Chaudhary takes heat for 'screw up' at meeting with constituents

Chaudhary apologizes
DFL state Sen. Satveer Chaudhary speaks to constituents on Thursday, May 27, 2010, where he repeatedly apologized for his well-publicized effort to impose new fishing rules on a northern Minnesota lake where he owns a cabin.
MPR Photo/Tim Pugmire

DFL state Sen. Satveer Chaudhary faced a roomful of concerned local DFL party officials and constituents Thursday night in Fridley, and he continues to take heat for a self-described "major league screw up" at the end of the 2010 legislative session.

Chaudhary repeatedly apologized for his well-publicized effort to impose new fishing rules on a northern Minnesota lake where he owns a cabin.

Chaudhary's end-of session push for new walleye restrictions on Fish Lake Reservoir angered lake residents, Department of Natural Resources officials and Republican legislators, who asked for a Senate ethics panel review. It also contributed to Gov. Pawlenty's decision this week to veto the entire game and fish bill. Now, add many of his own constituents in Senate District 50 to the angry list.

"We really do need a candidate who isn't going to drag down the ticket, who isn't going to embarrass us once again in the future," said John Haluska, who was among those concerned about the political fallout.

Chaudhary's problems began a week ago when reports of his end-of-session activity hit the news. Just before passage of the game and fish bill, Chaudhary pressed the House author to add a provision directing the DNR to protect the walleye population of Fish Lake Reservoir in St. Louis County. Chaudhary said the idea of catch restrictions came from other lake residents who wrote to him last winter. But he later learned that was wrong, and has since been trying to atone for his error.

"I made a very, very bad error in judgment, and I deeply apologize," Chaudhary said. "I'm very, very sorry."

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Chaudhary, who chairs the Senate Environment and Natural Resources Committee, insisted his mistake did not cross any ethical lines. Even though he owns property on the lake he tried to help, Chaudhary said he doesn't believe his actions could be viewed as a conflict of interest.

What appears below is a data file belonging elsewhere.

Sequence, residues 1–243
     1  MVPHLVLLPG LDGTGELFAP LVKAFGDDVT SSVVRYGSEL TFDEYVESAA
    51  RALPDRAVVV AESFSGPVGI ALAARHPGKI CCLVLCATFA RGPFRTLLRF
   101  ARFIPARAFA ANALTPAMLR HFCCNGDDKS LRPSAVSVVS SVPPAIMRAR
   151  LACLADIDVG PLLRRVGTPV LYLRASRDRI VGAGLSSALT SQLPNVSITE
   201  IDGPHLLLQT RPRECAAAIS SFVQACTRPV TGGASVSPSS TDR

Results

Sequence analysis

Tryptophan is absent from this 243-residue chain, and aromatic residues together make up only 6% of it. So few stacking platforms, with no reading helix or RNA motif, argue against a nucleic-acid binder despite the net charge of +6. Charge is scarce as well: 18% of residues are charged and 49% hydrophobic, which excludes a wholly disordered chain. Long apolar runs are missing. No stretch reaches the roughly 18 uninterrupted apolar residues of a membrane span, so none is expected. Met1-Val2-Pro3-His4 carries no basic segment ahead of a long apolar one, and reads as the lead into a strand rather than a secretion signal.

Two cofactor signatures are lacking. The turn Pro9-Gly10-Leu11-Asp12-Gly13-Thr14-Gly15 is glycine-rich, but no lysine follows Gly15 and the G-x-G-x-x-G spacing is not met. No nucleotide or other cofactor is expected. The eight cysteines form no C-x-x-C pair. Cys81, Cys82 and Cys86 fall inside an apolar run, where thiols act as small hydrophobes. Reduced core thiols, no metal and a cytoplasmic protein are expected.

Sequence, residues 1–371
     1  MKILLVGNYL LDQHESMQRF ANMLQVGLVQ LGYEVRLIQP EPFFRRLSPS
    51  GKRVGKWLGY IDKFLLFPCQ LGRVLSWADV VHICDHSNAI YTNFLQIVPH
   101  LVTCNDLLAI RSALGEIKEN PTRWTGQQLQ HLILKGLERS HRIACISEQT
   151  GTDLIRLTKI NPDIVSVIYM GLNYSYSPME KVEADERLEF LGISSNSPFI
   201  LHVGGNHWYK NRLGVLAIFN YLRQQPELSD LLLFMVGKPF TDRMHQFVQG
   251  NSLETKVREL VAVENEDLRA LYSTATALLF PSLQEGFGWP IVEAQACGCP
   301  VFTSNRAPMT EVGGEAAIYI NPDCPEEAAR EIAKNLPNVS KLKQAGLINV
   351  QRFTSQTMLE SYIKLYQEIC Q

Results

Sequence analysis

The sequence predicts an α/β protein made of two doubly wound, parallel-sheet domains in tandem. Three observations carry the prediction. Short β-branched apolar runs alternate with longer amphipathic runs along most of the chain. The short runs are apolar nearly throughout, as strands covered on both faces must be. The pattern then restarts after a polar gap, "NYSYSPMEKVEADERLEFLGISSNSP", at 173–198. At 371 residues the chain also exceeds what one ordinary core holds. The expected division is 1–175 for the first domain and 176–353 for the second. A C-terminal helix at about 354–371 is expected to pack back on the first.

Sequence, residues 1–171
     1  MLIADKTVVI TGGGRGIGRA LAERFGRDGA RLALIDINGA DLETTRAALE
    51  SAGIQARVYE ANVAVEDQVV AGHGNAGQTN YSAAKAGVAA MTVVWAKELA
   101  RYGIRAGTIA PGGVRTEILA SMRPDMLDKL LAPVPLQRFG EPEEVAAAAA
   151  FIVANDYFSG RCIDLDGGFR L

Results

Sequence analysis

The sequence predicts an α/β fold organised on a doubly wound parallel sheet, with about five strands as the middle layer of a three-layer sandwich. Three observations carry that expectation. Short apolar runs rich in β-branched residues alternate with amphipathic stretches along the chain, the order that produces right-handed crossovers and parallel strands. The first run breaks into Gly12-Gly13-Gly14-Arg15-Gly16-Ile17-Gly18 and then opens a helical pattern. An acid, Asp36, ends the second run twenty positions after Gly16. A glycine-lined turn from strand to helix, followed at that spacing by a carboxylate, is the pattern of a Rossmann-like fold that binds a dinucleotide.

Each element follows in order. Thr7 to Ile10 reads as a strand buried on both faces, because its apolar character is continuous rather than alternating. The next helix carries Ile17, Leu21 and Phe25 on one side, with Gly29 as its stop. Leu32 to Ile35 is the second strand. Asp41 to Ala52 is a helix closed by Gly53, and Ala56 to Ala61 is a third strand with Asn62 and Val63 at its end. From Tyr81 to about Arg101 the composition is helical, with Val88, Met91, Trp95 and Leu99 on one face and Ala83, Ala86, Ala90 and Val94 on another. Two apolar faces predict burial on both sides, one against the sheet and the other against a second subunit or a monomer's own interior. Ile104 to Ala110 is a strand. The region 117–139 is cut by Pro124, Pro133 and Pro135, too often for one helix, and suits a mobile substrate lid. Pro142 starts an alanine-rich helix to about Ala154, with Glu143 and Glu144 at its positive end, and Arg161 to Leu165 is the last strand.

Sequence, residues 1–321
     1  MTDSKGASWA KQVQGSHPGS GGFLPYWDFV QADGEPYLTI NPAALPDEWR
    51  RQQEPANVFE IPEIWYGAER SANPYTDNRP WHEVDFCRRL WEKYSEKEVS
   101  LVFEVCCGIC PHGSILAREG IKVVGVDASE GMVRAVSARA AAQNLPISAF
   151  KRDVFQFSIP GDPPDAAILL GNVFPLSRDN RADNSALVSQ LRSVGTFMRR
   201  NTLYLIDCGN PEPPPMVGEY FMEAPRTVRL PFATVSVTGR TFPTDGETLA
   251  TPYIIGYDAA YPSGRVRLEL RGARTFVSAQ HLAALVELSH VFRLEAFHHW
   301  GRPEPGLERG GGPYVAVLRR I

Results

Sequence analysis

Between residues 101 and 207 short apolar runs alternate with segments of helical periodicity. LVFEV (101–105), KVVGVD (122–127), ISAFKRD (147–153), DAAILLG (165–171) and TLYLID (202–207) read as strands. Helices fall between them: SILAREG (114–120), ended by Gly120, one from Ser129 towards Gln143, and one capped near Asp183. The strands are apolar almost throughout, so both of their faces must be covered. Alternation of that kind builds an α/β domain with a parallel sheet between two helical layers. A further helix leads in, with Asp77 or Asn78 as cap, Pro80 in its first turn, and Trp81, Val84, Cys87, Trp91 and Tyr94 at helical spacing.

"We have teachers that pass education bills, finance bills that impact teachers salaries," Chaudhary said. "We have doctors that work on health care issues. We have business people that try to cut business taxes. That is the nature of a citizen legislature. It has to be far more than that to be a conflict of interest."

Julienne Wyckoff
Julienne Wyckoff of Columbia Heights said she's disappointed with Chaudhary, but she thinks DFLers might be stuck with him for a while.
MPR Photo/Tim Pugmire

Chaudhary is no stranger to controversy. Two years ago, he was cleared by a Senate ethics panel over allegations of pressuring a snowmobile manufacturer and a labor union to sponsor his cable TV show.

A year earlier, he tried to derail the confirmation of public safety Commissioner Michael Campion, and accused him of "a possible abuse of power." The Senate voted 61-1 in favor of Campion, with Chaudhary the lone dissenter.

And in 2003, the state Campaign Finance and Public Disclosure Board looked into allegations that Chaudhary delivered three altered checks to a congressional candidate's campaign. The board found probable cause, but said the altering checks was not under its jurisdiction.

Some constituents have noticed a pattern, but Chaudhary strongly denied there's been any wrongdoing.

"There have actually been zero complaints against me," he said. "I have requested my own review of ethical conduct, because I believe in assuring my constituents that they have the utmost confidence in my ethical conduct."

Chaudhary responded with a firm 'no' when asked if he would step down for the good of the DFL. He suggested resentment over his support for Mark Dayton in the governor's race, rather the party's endorsed candidate Margaret Anderson Kelliher, was driving some of the blow back. The Senator also had supporters at the meeting, including representatives of several sportsmen groups.

Julienne Wyckoff of Columbia Heights said she's disappointed with Chaudhary, but she thinks DFLers might be stuck with him for a while.

"To change now, we would never win," Wyckoff said. "There is no candidate that could come forward and establish an identity in such a short period of time. He's got the proven track record, whether you like him or not. It's a two-year term. Let's keep it for two years and then move on."

DFL officials in Senate District 50 said they had no immediate plan to reconsider the party endorsement of Chaudhary, but they said that option remains open. No other DFL candidate has filed in that district, and the filing period ends Tuesday.